Q. You said the other day that you learned from the semi-final here last year about -- or I guess from the U.S. Open, I guess you said like about maybe you checked out in the match against Bencic and it kind of really bothered you going forward and you didn't want to. Do you feel like you did that here or do you feel like you did everything that you could today?
NAOMI OSAKA: That's a funny question. I feel like I did everything that I could and then my mind started making excuses for myself. So that's like I feel another level to this, like another piece to this pie that I wasn't expecting. I feel like every time I come to a conclusion, my brain's like ah-ha, you thought, I'm just going to give you like a little difficulty now. So, yeah, I feel like even my energy level in the third set was kind of messed up, you know. And I was trying to save my energy for the points, but normally I like bounce around and stuff, so I think I just need to stick to my routine and like stop giving myself a lot of excuses.

Q. Did the long like break between the second and third set, did that cool you down or anything or did it help you, do you think?
NAOMI OSAKA: I didn't win the set, Courtney. I don't think it helped me.

Q. I can't get inside your head, Naomi.
NAOMI OSAKA: I don't know what's inside my head either. I feel like it shouldn't matter, you know, because we both have the same like amount of time that we left the court -- or not -- I was longer than her, but I just mean like playing time. If she doesn't complain, I don't complain typically.

Q. You have a semi-new hitting partner that you're using now. What do you look for? What do you want in a hitting partner? Like, what makes a good hitting partner to you when you're at a tournament?
NAOMI OSAKA: Someone that hits the ball in consistently. Yeah. I don't know. I'm not too picky. It's just I hit the ball fairly hard, so literally someone that can hit the ball in the court multiple times.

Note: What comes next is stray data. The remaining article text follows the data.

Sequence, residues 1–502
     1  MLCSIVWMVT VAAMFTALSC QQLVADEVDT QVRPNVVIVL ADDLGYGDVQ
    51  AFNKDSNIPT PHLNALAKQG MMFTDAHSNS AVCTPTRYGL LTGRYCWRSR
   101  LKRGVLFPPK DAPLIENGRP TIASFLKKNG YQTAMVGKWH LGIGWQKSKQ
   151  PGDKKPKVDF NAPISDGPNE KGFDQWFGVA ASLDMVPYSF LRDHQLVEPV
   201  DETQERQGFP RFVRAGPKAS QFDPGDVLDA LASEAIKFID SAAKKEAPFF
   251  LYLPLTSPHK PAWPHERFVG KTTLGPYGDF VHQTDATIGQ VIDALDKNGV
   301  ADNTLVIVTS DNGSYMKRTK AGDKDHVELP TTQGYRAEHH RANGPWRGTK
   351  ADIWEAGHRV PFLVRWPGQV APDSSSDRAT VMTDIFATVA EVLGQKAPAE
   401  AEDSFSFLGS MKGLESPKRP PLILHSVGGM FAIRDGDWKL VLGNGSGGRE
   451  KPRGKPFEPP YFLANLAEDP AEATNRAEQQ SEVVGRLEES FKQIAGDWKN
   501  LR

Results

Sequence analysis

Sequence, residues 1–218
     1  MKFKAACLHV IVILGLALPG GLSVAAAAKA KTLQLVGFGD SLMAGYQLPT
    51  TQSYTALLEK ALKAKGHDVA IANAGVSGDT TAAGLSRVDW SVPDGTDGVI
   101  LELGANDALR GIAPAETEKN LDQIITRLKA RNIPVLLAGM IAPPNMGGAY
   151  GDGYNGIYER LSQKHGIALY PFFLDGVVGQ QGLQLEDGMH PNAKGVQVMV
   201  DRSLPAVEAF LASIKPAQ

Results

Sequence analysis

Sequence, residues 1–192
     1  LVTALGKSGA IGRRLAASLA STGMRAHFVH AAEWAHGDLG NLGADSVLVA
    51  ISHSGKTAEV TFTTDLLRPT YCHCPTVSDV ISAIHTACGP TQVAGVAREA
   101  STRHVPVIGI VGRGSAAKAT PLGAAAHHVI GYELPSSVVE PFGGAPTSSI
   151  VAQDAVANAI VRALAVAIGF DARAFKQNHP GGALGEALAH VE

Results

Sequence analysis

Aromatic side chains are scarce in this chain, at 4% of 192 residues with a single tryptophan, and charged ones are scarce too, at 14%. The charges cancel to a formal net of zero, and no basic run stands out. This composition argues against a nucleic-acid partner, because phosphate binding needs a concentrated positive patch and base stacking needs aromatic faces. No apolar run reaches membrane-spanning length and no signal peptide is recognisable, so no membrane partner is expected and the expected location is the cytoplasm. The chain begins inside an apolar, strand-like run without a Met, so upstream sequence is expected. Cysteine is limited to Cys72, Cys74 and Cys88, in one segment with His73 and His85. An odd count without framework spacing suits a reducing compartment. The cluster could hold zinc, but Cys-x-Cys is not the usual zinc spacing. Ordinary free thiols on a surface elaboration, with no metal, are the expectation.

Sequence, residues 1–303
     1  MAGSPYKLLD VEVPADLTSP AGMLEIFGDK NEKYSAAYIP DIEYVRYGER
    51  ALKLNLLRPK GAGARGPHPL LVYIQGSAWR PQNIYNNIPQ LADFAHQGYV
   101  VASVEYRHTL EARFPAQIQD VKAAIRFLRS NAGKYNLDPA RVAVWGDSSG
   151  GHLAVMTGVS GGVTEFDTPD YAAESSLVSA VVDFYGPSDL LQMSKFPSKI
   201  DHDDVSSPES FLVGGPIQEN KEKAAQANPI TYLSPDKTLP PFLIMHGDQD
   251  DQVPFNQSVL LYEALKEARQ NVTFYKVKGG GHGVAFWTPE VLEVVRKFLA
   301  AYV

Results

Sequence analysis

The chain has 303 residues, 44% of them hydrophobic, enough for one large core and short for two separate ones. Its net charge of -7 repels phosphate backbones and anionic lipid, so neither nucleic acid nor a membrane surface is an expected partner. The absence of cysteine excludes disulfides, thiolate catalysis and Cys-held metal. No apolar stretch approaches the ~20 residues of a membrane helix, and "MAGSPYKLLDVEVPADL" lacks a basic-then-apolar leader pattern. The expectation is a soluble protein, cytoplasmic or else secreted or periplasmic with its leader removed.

Q. Have you ever been paired with someone who had a struggle of a day and you felt bad for them? Have you ever faced a situation where a hitting partner couldn't hang?
NAOMI OSAKA: I'm sorry.

THE MODERATOR: Japanese questions, please.

(Naomi's answers to questions in Japanese.)

NAOMI OSAKA: I mean, in this match I feel like there wasn't that many things I could have done better. And I also think I, I don't know, like given how I came into this season, I know it just started, but I think I've been progressively getting better every match, so it was just tough for me to play her today. But I think like I can't be that hard on myself about like playing. Attitude, I'm always hard on myself, but playing-wise, I think I played pretty well. She was just extremely solid and I don't even think I hit more unforced errors than winners, so that should be a good stat for me.

I mean, he's cool. He gives me a lot of advice that I think is very helpful for me to apply during matches. He knows that I'm a percentage person, so he gives me percentages sometimes. Yeah, I think for the first tournament it was pretty good. I'm sad because I wanted to win it. But, yeah, I guess just keep moving forward.

I mean, we would have talks after. It wouldn't specifically be data, but I think he analyzes it a lot, so maybe he thinks -- not maybe he thinks, but I think he knows I don't like being overwhelmed with information, but just like the really important stuff.

I don't really know, to be honest. I just think I need to get somehow stronger in one week, just to be able to hold the line more. I think towards the end of the second she was more aggressive than me because I felt like I was near the Brisbane logo -- see, I guess I have to start lifting or something to get stronger. I don't know. I think playing, though, it really wasn't like anything that I could immediately point out, other than the third set.

Yeah, I think U.S. Open taught me a lot. I don't know. There was this new feeling of nerves, like another level of nerves that I've never felt before when I was playing in New York. So I think it's definitely kind of prepared me for Australia. I don't really know how to feel or what to expect, because you only feel it during or before your first match. So, yeah. I don't even know if I answered your question.

Oh, wow, I'm stupid, sorry. I mean, I always love Australia. Like, everyone can kind of see that. I do really well here. The European swing, I talk not that great about it, but I did have the best clay season last year. Wimbledon, I don't know her. U.S. Open, U.S. Open was U.S. Open. Like, it really kind of -- I think it made me like a more mature person in the end, like playing, even though I banged my racket more, which, sorry, Yonex, but it happens.